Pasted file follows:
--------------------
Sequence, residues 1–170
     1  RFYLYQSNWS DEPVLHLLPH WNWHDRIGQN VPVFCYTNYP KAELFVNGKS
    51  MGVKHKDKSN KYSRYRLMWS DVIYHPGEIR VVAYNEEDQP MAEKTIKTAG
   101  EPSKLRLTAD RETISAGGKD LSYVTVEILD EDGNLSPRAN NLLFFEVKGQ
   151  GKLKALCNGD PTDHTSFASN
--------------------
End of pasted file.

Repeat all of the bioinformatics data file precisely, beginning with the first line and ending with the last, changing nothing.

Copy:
Sequence, residues 1–170
     1  RFYLYQSNWS DEPVLHLLPH WNWHDRIGQN VPVFCYTNYP KAELFVNGKS
    51  MGVKHKDKSN KYSRYRLMWS DVIYHPGEIR VVAYNEEDQP MAEKTIKTAG
   101  EPSKLRLTAD RETISAGGKD LSYVTVEILD EDGNLSPRAN NLLFFEVKGQ
   151  GKLKALCNGD PTDHTSFASN